Page 18
Literary column: MAGtár. Poetry, beautiful in its simplicity, by Beretvás Blanka, born in Budapest in 1991. Blanka is a student at the Budapest Austrian Gymnasium, where her work is often published in ’Operencia’, the school newspaper.

Page 25
2009 National Dance House Festival (April, 3, 4, 5, 2009 – Budapest). Todd Wagner’s report on the festival was also recently published in „Let’s Dance! - The Magazine of International Folk Dancing”.   Todd lives in California and has been coming to Hungary a couple times a year for the last 20 years or so. His article is printed in English, along with a Hungarian translation of the same article, with 3 pages of photos by Kárpáti Zsuzsanna.


Page 26
In the Wake of History. Part 1 of ethnographer, dance researcher Borbély Jolán’s life story - as told to Kóka Rozália. Borbély Jolán and her twin sister Róza were born in 1928 in the town of Hajdúszoboszló in northereastern Hungary. Jolán tells the story of her childhood living with her grandparents and the World War II years, when the family fled to Austria. They lived in war prisoner camps until the end of the war and then finally went home on the first train back to Hungary. Amazingly the twins twere able to take their high school exams in the makeshift post-war circumstances. In 1947 Jolán went to Budapest to apply for entrance to the University, and Róza married her medical student suitor.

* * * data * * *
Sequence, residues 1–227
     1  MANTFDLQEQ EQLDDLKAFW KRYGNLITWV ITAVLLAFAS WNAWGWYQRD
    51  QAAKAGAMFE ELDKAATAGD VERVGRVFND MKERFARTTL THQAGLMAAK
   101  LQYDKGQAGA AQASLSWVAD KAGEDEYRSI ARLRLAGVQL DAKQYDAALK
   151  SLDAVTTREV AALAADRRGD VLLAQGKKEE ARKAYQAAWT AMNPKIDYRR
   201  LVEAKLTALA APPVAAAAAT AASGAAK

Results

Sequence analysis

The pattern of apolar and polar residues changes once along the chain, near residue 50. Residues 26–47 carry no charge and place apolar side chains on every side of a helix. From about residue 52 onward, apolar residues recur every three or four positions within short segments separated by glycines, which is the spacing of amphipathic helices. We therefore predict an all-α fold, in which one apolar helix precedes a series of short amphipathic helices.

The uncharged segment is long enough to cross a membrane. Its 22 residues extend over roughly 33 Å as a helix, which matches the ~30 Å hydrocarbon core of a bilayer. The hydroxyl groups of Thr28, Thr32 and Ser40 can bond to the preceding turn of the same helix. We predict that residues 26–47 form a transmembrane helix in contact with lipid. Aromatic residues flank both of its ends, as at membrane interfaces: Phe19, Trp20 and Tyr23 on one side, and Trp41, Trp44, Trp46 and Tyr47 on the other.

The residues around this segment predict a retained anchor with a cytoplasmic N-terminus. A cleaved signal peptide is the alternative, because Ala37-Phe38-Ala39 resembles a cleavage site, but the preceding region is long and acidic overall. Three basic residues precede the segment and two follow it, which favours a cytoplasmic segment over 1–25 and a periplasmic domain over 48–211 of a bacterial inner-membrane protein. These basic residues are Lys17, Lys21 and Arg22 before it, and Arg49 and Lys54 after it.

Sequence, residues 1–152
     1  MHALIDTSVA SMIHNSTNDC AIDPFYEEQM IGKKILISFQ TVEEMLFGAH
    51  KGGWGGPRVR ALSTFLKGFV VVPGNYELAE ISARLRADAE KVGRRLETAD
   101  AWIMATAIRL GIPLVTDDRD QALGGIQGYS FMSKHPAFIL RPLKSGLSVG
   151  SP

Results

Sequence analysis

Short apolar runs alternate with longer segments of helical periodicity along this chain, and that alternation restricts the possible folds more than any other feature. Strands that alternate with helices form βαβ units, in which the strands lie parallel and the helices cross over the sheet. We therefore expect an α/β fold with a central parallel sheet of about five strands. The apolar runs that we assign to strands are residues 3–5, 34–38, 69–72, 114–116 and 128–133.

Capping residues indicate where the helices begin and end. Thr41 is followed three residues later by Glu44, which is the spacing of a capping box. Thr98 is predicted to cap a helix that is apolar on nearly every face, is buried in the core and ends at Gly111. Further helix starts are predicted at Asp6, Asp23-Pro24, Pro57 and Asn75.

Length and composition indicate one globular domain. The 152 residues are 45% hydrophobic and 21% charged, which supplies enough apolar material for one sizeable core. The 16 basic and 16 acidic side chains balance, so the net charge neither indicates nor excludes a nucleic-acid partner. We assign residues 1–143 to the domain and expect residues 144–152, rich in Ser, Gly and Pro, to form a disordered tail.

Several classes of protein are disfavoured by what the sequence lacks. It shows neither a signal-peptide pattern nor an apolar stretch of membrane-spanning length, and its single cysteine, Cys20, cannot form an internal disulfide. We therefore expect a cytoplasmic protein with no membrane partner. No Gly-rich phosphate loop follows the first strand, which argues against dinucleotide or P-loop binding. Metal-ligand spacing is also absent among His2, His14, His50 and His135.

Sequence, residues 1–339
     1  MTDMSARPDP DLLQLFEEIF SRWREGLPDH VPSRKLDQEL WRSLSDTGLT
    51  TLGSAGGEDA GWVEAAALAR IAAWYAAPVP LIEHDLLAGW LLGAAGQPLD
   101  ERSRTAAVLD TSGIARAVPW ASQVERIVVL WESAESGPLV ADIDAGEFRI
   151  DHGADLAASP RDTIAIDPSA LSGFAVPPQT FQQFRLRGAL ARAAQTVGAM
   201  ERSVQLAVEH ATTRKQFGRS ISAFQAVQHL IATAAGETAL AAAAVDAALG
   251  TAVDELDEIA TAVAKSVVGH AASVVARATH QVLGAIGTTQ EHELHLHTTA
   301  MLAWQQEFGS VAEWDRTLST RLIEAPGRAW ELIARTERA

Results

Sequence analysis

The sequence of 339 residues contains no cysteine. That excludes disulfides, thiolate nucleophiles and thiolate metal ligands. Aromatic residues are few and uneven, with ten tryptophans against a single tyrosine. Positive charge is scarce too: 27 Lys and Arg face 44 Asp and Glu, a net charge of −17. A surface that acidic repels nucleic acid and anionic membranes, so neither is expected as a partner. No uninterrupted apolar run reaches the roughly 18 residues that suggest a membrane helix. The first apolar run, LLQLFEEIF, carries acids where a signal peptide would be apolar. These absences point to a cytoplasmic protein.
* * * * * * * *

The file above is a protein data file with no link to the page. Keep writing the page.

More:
Page 29
Füzér’s Mounted Escort. Füzér is a village in the mountainous Zemplén region of Northeastern Hungary right next to the Slovak border. When the bishop comes to the village at Pentecost or for confirmations and the like during the late spring or summer monthes, according to the local custom, a mounted escort greets the bishop and accompanies him to the parsonage, and then to the church. Over the years anywhere from 16 pairs of horses to 5 horses have taken part. According to some accounts, there should be 7 mwn on horses representing the leaders of the seven tribes of Hungarians that first arrived to the Carpathian Basin in 896. The horsemen dress in regional holiday costume. One of them the leads the other horses in pairs behind. This is still practiced in the village. Some of the participants have been doing this for 35-40 years. By Darmos István – who has been documenting traditions of this village since the 1990’s.